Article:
1974 is an important year for the gaming hobby. It is the year that Dungeons & Dragons was introduced, the original RPG from which all other RPGs would ultimately be derived and the original RPG from which so many computer games would draw for their inspiration. It is fitting that the current owner of the game, Wizards of the Coast, released the new version, Dungeons & Dragons, Fifth Edition, in the year of the game’s fortieth anniversary. To celebrate this, Reviews from R’lyeh will be running a series of reviews from the hobby’s anniversary years, thus there will be reviews from 1974, from 1984, from 1994, and from 2004—the thirtieth, twentieth, and tenth anniversaries of the titles—and so on, as the anniversaries come up. These will be retrospectives, in each case an opportunity to re-appraise interesting titles and true classics decades on from the year of their original release.
The situation is this. Of an evening, sometime in 17—, men and women of refinement and good breeding—possibly stranded in a snow-drift near Salzburg—shall gather in the nearest inn to regale each with the tales of their extraordinary adventures, much in the vein of the good Baron himself. They shall take it in turns to tell of tale that another has asked them of, the listeners occasionally interrupting to offer objections and corrections, and perhaps to proffer a wager or two as to a particular detail in the story being told. Should a disagreement come about over such objections and corrections because neither side will back down, then a duel may follow. Only to first blood of course and so honour is settled, the veracity of the tale is concluded, and the stake—that which is wagered—is accepted by the loser who adds it to his or her purse. For fairness’ sake, everyone begins play with a purse of the same value. Then the next participant tells a tale of the same extraordinary scale, and the next, and the next, until all sitting round the table have had an equal turn at entertaining their fellows. In the finality, all decide who entertained them the best with the most enjoyable story by pledging their purses to them and the storyteller who has the largest purse at the end of the game not only wins, but readily pays for a round of drinks or the current bill from newly enlarged purse.
This then is The Extraordinary Adventures of Baron Munchausen: A Game of Tall Tales and Playing Roles as told by James Wallis. It is a storytelling game of magnificent adventures, enticing escapades and escapes, derring-do and dangerous drama, and of “How did you get out of that?” (or “…into that?). Of honour and nobility, of courtesy and comradeship—especially to the ladies, and of being rude to the French. Particularly, the latter. It is best played by a handful of players, five being a good starting figure. They will need no more than a handful coins (or tokens) equal to the number of players. This is their purse.
At the start of the game, each player will take a name and title. This may be their own if they are already of the nobility, hold military rank, or are a member of the clergy. Alternatively, for the purposes of the game, they may adopt such a nom de guerre for so long as they are playing. Then, the person who last filled everyone’s glass turns to the person on his or her right and asks them to tell a tale of their exploits, which of course, must be fantastic. For example, “Tell me, Baron Fromager, how you came to be in possession of the light of Pharos and how you used it at the Siege of Vienna to save the day?” The player of Baron Fromager then tells the tale, hopefully in an entertaining fashion. In particular of how the dastardly Turks stole it from Alexandria and used it light their way across the world on dreaded night attacks when all good folk should abed and so expand their empire greatly.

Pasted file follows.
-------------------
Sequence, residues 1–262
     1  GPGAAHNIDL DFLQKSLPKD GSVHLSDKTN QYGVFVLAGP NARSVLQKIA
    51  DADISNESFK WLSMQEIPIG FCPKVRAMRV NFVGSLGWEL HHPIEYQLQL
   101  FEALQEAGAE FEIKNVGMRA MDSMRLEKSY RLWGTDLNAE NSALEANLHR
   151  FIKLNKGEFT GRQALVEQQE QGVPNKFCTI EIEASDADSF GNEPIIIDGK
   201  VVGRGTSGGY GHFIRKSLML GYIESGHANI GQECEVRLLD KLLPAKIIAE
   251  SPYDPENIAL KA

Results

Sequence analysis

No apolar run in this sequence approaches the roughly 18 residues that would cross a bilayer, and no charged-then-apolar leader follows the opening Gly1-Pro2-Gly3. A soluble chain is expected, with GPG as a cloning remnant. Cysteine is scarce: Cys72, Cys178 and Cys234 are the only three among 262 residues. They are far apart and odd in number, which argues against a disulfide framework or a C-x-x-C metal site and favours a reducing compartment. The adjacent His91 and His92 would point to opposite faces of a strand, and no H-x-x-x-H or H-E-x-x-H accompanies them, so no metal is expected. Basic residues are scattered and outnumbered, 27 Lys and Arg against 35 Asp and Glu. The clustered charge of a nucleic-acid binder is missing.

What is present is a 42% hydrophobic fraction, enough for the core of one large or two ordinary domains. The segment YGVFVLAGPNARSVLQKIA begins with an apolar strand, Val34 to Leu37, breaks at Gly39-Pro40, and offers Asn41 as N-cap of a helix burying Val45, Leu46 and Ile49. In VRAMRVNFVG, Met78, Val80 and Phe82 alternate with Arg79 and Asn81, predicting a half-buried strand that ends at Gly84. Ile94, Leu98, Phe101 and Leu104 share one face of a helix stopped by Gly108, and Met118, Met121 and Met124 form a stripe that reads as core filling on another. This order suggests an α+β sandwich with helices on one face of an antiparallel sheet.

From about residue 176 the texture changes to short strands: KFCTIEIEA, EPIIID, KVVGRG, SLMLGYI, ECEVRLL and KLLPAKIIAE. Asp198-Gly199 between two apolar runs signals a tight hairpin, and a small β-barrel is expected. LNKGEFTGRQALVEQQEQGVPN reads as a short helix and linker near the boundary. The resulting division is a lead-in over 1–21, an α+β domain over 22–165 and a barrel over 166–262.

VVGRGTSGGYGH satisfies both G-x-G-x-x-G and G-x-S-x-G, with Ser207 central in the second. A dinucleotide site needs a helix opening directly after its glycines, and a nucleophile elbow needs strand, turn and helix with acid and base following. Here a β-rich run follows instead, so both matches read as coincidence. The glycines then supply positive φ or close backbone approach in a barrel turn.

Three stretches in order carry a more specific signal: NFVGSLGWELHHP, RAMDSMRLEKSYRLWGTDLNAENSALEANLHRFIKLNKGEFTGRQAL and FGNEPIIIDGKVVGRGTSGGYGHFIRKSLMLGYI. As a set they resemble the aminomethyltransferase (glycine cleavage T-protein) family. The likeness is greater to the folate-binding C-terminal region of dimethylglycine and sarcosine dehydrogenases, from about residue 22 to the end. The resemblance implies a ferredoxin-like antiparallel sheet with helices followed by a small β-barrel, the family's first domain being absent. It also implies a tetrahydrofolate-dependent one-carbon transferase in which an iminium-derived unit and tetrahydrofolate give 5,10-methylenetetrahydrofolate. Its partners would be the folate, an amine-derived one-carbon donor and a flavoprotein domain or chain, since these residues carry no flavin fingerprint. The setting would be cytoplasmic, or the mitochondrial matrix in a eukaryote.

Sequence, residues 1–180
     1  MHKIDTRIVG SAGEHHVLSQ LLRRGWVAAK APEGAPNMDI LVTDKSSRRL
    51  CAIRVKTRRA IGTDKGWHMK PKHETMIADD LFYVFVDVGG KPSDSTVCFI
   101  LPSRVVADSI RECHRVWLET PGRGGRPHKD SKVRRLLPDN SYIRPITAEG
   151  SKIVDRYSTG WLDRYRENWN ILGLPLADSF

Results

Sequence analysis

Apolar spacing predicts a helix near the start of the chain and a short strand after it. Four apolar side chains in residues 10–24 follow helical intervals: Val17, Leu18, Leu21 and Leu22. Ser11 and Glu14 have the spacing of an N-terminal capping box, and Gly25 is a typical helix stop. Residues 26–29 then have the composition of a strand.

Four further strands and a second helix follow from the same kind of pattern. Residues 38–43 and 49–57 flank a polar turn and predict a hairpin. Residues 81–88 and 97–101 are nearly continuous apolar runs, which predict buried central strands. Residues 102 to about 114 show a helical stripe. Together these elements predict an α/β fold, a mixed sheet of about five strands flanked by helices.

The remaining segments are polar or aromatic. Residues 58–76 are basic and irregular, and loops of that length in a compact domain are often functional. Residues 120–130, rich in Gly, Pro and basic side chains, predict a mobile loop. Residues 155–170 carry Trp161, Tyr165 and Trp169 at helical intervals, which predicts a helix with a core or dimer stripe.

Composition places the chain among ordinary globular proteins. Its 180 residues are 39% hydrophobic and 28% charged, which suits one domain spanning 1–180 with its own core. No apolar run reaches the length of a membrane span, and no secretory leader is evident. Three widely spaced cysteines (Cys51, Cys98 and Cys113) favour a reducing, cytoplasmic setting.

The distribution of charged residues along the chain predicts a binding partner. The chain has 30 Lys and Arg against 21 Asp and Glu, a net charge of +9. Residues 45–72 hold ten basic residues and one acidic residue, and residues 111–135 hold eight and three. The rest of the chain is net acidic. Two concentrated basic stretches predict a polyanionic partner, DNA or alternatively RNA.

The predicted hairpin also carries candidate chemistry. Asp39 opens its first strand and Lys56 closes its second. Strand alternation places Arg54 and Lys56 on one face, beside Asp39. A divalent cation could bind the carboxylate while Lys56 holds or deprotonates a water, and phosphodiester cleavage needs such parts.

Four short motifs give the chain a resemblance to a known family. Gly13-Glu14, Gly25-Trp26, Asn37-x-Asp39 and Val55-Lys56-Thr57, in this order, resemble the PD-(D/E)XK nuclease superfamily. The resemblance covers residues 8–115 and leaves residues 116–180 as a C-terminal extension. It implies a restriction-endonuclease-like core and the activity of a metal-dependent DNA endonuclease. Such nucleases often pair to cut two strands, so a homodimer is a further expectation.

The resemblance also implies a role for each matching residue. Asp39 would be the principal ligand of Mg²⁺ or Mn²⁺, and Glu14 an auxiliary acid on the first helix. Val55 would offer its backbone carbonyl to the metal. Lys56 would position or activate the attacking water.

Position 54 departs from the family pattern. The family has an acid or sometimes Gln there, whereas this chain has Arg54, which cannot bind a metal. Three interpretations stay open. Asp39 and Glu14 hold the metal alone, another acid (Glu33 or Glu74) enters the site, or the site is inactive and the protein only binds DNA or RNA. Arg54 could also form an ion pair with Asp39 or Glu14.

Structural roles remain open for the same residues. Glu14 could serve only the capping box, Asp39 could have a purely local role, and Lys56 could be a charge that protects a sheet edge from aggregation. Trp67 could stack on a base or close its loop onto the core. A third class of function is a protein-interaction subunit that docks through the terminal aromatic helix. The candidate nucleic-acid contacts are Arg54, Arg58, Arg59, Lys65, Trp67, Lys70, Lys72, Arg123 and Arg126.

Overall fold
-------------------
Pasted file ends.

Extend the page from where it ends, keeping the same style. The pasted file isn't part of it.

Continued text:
However, another player in his character as a person of good birth or station, may raise an objection or suggest a correction to the Baron Fromager during his telling. Continuing the example, Lady Trumpton may interject with, “But surely my dear Baron, how could you steal it from the hands of the Ottoman Empire if they could see you coming miles away by its very light?” Lady Trumpton must, since she is raising an objection, proffer a wager of a coin (or token if no coins are being used). This sets the stake. The storyteller can accept both this and the object, adding the stake to his purse and working the objection into the continuing narrative of his story. Alternatively, he can naysay the interruption and add his own coin to the stake. In this case replying, “I fear my dear lady, that perhaps the fine bouquet of our wine has tonight overcome your senses, for you forget that it was not I who was seen approaching the Turks, but my good companion, Riccardo, renowned in all of Christendom for the strength of his bite and the mirror-like sheen of his teeth. So when he smiled, The Light of Pharos was reflected back at the Turks, temporarily blinding them and so I was able to sneak in and steal the light without them seeing me.” At this point Lady Trumpton may elect to accept both explanation and the stake, or she may escalate the objection, adding yet another coin to the stake. This can continue until one side backs down and accepts the stake, or one side runs out of coins and will not back down or the exchange leads to the slighting of a participant’s honour. In the case of the latter two, satisfaction is demanded, and a duel will ensue.